The great thing about Hanukkah is that you can celebrate it at different levels, according to the age of your child.
At its root, Hanukkah is a joyous eight-day celebration commemorating the victory, more than 2,000 years ago, of the Maccabees over enemies who wanted the Jews to give up their religion. After the Jews won back the Temple in Jerusalem, they wanted to rekindle the “ner tamid”, the eternal light. But there was only one vat of purified oil that should have lasted a single day.
There was a miracle however, and that small amount of oil lasted for eight days.
As children get older, you can amplify the discussion by delving into the complex issues of religious persecution and freedom.
If you want young children, say 4 to 10, to have a basic understanding of the festival, it’s helpful to build celebrations around three core concepts. We recommend Light, Miracle, and Oil, because they’re fundamental to the holiday – and they are easy for parents to put into practice, easy for children to grasp, and easy to reinforce.
The basic traditions of a Hanukkah celebration include kindling the Hanukkah candles, singing candle-lighting blessings about the miracles, and eating foods fried in oil such as potato pancakes (latkes) and doughnuts. The nuances however, go far beyond this inviting participation and understanding.
To underscore that the miracle of the oil lasting grew greater each night, we light one candle on the first night of Hanukkah, two candles on the second, and so on. (Note: we light the candles with a helper candle, called a “shamash.”) We continue the process for eight days, until a truly lovely light comes from the menorah. And we place the menorah in a window – facing the dark of the winter sky – to proclaim the miracle to the world.
Even as young as two or three, kids can choose which color candles they want to put in the menorah – and in which order. In that way, they are “designing” the menorah for the evening. When they’re a few years older, with supervision, they can kindle the lights. They take great pride in these responsibilities.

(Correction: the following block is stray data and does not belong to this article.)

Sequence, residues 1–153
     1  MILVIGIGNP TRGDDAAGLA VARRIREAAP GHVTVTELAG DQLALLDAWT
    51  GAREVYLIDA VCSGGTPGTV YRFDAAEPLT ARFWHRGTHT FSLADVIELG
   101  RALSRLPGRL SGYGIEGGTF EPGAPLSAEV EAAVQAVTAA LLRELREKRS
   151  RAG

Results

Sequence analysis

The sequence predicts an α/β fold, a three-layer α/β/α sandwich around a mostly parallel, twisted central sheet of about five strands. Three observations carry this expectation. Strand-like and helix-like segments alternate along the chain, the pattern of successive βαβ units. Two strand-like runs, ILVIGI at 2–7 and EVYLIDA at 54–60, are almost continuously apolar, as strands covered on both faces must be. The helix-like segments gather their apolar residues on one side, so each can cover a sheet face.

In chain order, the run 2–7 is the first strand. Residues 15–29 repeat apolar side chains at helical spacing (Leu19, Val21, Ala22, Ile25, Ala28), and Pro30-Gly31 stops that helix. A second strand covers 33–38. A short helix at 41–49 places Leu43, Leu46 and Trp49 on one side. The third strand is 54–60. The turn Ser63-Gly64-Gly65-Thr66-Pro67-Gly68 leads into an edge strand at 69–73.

Then there’s the dreidel game, which also underscores the miracle. On each side of the dreidel (a small top), there is a Hebrew letter that stands for the words “Nes gadol haya sham,” or “A great miracle happened there.” Initially, kids learn the letters: Nun (for Nes), Gimel (for Gadol), Hey (for Haya), and Shin (for Sham) – so that they know whether they’ve won that round. For instance, if your dreidel lands on “gimel,” you take the whole pot. Later, you’ll be amazed when you watch your children and their friends play intense games, competing to see whose dreidel spins the longest – or who can flip the dreidel to spin on its narrow top!
Baking Hanukkah cookies is another tradition. Little hands can help by sprinkling the uncooked cookies with colored sugar, made by stirring white sugar with a few drops of food coloring until it’s a nice consistency. Older children can use new paintbrushes to make stained glass cookies (made with an egg yolk mixture mixed with food coloring). By nine or so, kids can roll dough and use cookie-cutters to make classic candle, dreidel and star shapes – then decorate them with frosting, red hots, chocolate chips, licorice strips, and so on.
So how do you fit all this into a busy schedule for eight nights? We recommend celebrating right after dinner. Light the candles, sing the blessings, and play dreidel and enjoy special treats as the candles burn down. If your tradition is to give gifts, you can do that during this time, also. In about 30 minutes, the candles are out – and it’s bath and bed time.